Alternatively, you can just addto thesection of any page that you don’t want to be indexed (in this case, your tag and archive pages).
11. Speed It Up
In 2010, Google confirmed that they had made site speed into a ranking factor. This makes absolute sense. Google wants to serve the best results to its users, and no user wants to be served a site that takes too long to load. How long is too long? Not very. Research has demonstrated that 47% of visitors expect a page to load in less than two seconds.
Google’s PageSpeed Insights will tell you just how quickly your site is running, and show you how to make it run faster. Just don’t forget about your blog or articles section – slow load times in these areas might not have a direct impact on your sales, but can (and probably will) impact conversions elsewhere in the funnel.
12. Fix Broken Links
Broken links might seem like a small problem – especially if they’re populating your blog rather than a category or product page – but please don’t overlook them. They make for a poor user experience and, if left unattended, have the potential to impact your SEO too.
Thankfully, fixing broken links on a blog or articles page is really, really easy.
First of all, you’ll need to check which links (if any) are broken. You can do this with Broken Link Checker or with a WordPress plugin (also aptly named, Broken Link Checker).
Once you’ve identified the links that need fixing, you can either:
Update them (replace them with a working URL)
13. Place Your Content In A Subfolder, Not A Subdomain
Subfolder (i.e. www.website.com/blog) vs. subdomain (i.e. blog.website.com) has been an ongoing bone of contention in the SEO industry. It’s long been thought that placing content on a subdomain will hurt your rankings, but here’s Matt Cutts implying that it doesn’t really matter: “they are roughly equivalent. I would basically go with whichever one is easier for you in terms of configuration, your CMSs, all that sort of stuff.”
And yet here’s Rand Fishkin stating that Moz were “recently able to test this using a subdomain on Moz itself (when moving our beginner’s guide to SEO from guides.moz.com to the current URL http://moz.com/beginners-guide-to-seo). The results were astounding – rankings rose dramatically across the board for every keyword we tracked to the pages.”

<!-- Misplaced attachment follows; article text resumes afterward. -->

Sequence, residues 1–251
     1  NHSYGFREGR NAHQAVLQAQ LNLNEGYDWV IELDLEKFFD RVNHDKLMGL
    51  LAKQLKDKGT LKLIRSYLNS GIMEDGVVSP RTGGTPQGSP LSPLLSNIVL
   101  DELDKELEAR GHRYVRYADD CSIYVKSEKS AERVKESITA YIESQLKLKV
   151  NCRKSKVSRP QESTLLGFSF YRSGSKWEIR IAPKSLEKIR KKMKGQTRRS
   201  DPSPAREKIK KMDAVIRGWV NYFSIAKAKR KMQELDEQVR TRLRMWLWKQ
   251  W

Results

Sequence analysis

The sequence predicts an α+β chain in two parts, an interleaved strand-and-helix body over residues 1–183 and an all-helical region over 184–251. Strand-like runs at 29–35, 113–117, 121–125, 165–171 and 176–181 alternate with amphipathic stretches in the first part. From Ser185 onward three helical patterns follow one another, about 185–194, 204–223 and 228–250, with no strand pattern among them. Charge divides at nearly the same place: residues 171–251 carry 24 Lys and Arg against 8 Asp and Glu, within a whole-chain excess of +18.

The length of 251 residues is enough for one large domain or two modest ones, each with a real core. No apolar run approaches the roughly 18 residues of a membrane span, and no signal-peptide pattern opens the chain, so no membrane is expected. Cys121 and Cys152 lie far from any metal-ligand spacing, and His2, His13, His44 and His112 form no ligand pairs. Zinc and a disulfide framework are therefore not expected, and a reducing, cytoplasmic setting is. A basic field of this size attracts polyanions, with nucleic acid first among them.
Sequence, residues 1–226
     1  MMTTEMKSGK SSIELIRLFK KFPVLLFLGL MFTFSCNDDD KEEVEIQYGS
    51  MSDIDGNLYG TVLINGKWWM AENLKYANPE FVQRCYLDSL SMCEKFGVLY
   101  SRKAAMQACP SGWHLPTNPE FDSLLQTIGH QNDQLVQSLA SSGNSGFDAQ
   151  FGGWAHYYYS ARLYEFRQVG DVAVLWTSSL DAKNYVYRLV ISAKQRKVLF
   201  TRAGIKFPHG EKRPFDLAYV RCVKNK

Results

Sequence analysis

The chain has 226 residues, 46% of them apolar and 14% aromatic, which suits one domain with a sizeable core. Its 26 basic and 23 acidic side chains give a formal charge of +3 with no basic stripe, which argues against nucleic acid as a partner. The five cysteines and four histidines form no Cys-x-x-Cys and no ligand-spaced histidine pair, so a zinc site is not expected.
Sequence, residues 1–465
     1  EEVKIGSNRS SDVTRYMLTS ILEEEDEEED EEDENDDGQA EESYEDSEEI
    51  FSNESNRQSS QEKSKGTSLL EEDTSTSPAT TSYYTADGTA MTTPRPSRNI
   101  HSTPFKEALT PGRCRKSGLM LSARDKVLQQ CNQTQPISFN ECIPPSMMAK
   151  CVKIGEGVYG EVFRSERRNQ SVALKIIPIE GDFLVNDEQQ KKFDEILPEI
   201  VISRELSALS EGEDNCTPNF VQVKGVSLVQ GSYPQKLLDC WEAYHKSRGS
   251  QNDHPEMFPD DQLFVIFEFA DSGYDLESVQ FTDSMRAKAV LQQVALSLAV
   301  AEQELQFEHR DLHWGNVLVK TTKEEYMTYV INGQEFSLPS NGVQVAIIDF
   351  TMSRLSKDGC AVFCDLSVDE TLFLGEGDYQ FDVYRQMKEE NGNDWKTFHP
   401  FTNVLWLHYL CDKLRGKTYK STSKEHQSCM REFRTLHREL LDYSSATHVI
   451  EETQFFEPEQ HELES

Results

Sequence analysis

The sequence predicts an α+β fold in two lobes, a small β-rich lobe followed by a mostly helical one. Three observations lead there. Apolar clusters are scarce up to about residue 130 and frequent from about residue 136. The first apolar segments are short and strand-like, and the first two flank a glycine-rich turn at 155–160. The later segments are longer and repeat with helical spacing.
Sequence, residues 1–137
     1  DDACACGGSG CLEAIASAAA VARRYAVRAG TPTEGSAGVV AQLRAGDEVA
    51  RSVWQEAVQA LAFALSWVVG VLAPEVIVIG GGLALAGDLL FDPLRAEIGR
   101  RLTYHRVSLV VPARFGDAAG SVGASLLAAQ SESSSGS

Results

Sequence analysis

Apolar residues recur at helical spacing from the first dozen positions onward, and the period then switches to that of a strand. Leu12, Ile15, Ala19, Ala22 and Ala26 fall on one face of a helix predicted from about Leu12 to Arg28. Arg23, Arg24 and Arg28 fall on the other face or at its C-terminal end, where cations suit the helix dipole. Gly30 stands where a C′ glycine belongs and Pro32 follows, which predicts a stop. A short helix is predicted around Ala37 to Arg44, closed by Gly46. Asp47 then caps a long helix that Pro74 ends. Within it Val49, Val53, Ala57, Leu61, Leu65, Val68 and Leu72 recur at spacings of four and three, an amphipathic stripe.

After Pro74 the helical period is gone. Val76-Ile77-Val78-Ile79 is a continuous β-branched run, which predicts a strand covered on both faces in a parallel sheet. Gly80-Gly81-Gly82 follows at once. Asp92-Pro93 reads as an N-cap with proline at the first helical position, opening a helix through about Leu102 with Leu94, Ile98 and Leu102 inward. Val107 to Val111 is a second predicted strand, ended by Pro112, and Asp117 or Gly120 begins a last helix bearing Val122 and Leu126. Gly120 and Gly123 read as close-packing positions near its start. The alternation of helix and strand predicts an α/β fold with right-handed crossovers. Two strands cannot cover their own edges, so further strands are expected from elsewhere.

He goes on to say, “we still don’t believe them [Google] and have overwhelming evidence that Google doesn’t consistently treat all pages on multiple subdomains the same way they do URLs on the same subdomain. They’ve said for years that it doesn’t matter, but the evidence and data are clear.”
Still not sure who to believe? Contemplate this: even if Google is telling the truth, you won’t lose anything by erring on the side of caution and placing your content in a subfolder, just in case.
14. Utilize Your 404 Page
A 404 page can make or break your user experience. If it’s useful and entertaining, the 404 page has the potential to retain a visitor that otherwise would have bounced.
Rather than this:
However, you can also leverage your 404 page for content marketing, by including links to some of your latest, or most popular posts, or to your content categories. Something like this:
15. Remember That The Goalposts Are Always Changing
This isn’t a best practice as such; it’s more of a reminder that Google’s guidelines and SEO best practices do change. Just because something works today, doesn’t mean it will work in six months or a year.
What you need to do is ensure you don’t get left behind. Make sure you’re subscribed to the industry’s biggest blogs and are following the top names in SEO on Twitter. If it helps you keep on top of things, use an RSS feeder like Feedly or Inoreader.
Most importantly of all however, when a change is announced, don’t just sit idly by and assume it won’t affect you. Listen to what’s happening and how the industry is responding before using this information to implement changes to your own content marketing and SEO processes.
That’s it from me for now – do you have any other tips or strategies for incorporating SEO best practices into your content marketing?